How to Select a Labor Arbitrator - Chapter 2 - Labor Arbitration: What You Need to Know - Revised 5th Edition
Robert Coulson is the Former President of the American Arbitration Association (1972-1999) and a nationally and internationally recognized expert and author on arbitration and dispute resolution.
CHAPTER TWO - Preview Page
HOW TO SELECT A LABOR ARBITRATOR
Arbitrators are chosen in various ways. Many contracts contain a
reference to the Labor Arbitration Rules of the American Arbitration
Association. This chapter describes how arbitrators are chosen under
No part of the arbitration clause is more important than how the
arbitrator will be selected. The predictability of arbitration depends
upon the knowledge, experience, and understanding that the arbitrator
brings to the hearing.
A survey of AAA cases indicates that many local unions and
employers have only one or two arbitrations per year. Representatives
of such parties may be unfamiliar with the relative abilities of
individual arbitrators. In contrast, other practitioners use labor
arbitration constantly and come to know the arbitrators very well. A
selection process that is appropriate for the experienced labor lawyer
might not meet the needs of the novice.
The tripartite system, once popular, now seems unnecessarily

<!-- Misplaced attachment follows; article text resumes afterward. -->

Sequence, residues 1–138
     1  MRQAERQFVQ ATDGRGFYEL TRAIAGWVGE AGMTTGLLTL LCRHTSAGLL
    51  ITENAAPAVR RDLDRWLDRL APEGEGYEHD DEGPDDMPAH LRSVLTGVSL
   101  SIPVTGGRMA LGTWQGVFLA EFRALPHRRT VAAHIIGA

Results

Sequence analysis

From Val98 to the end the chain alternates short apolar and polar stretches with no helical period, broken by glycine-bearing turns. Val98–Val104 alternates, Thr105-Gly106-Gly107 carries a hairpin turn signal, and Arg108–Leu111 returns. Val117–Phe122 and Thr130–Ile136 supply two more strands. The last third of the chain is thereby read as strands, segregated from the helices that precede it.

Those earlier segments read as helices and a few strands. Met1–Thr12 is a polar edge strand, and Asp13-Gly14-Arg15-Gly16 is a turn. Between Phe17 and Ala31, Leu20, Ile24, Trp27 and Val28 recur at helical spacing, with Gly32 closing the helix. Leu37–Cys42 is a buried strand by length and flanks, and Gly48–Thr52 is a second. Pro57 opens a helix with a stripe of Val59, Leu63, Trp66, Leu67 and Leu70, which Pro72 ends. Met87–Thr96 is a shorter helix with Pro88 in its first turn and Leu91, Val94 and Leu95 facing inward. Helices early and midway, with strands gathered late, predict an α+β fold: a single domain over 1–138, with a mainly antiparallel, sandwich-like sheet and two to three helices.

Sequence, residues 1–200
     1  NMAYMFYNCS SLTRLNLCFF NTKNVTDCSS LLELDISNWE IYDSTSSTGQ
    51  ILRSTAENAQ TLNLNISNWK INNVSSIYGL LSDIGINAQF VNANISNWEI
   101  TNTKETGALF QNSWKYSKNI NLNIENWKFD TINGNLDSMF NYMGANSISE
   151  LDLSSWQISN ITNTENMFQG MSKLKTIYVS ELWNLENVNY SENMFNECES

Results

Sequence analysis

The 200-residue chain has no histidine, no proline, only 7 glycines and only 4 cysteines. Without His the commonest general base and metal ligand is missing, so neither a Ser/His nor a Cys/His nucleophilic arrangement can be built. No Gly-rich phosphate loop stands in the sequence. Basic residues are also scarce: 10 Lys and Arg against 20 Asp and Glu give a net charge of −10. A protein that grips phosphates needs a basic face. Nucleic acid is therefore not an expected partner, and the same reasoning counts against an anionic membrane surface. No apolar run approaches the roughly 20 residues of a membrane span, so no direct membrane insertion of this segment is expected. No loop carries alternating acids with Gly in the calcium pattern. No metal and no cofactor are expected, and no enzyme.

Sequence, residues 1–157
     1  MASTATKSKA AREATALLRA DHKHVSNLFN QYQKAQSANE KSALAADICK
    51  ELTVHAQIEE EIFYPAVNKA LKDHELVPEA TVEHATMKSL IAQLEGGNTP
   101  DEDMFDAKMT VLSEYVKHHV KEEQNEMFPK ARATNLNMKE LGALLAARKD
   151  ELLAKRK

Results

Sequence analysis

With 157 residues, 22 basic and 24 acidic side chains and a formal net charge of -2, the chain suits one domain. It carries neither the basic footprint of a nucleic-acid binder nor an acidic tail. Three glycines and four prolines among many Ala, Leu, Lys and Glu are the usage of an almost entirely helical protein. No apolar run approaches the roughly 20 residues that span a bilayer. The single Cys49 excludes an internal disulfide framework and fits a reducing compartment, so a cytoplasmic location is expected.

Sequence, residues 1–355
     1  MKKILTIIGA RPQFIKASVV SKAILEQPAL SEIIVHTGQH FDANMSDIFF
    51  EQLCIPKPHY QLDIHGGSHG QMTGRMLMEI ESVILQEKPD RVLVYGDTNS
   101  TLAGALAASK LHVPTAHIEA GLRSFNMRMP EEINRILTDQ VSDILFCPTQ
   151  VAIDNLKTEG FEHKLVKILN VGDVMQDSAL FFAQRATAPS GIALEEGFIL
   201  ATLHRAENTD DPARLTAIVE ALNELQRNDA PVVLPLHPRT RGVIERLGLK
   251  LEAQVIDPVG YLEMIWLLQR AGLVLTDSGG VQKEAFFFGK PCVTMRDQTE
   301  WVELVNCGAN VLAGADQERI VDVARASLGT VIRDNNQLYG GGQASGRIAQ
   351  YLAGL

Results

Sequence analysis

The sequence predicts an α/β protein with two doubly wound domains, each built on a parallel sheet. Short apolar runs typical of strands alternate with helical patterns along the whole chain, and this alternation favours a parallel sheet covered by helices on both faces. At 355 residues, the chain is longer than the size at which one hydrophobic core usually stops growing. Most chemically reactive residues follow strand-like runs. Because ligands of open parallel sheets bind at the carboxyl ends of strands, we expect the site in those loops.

complicated. In labor arbitration, the so-called party-appointed
arbitrator is often an advocate. Most parties prefer a system in which
the case is presented to one impartial arbitrator. In that way, everything
is in the open. Employees tend to distrust tripartite panels, suspecting
that deals and compromises take place. The trend in grievance
arbitration is toward one neutral arbitrator.
Careful consideration should be given to the selection process set
forth in the collective-bargaining agreement. Most labor arbitration
provisions guarantee parties the right to participate in the selection of
an arbitrator. The facts and circumstances of the case and full
information about available arbitrators should be carefully appraised by
the parties before a selection is made. This process should result in an
appointment of the best available arbitrator. It is here that the AAA
system displays its strength.
Full Table of Contents from "Labor Arbitration: What You Need to Know - Revised 5th Edition"
American Arbitration Association
What This Book Contains
CHAPTER 1: So You Have a Labor Grievance
CHAPTER 2: How to Select a Labor Arbitrator
CHAPTER 3: The Arbitration Hearing
CHAPTER 4: Arbitration in the Public Sector
Labor Arbitration Rules (Including Expedited Labor Arbitration Rules)
The Jargon of Labor Arbitration: A Glossary
Court and NLRB Decisions That Have Contributed to the Language of Labor-Management Arbitration
The Just Cause Standard in Discipline and Discharge Cases
The Arbitrator's Alphabet
Basic References on Labor Arbitration
Federal Arbitration Act
Labor Management Relations Act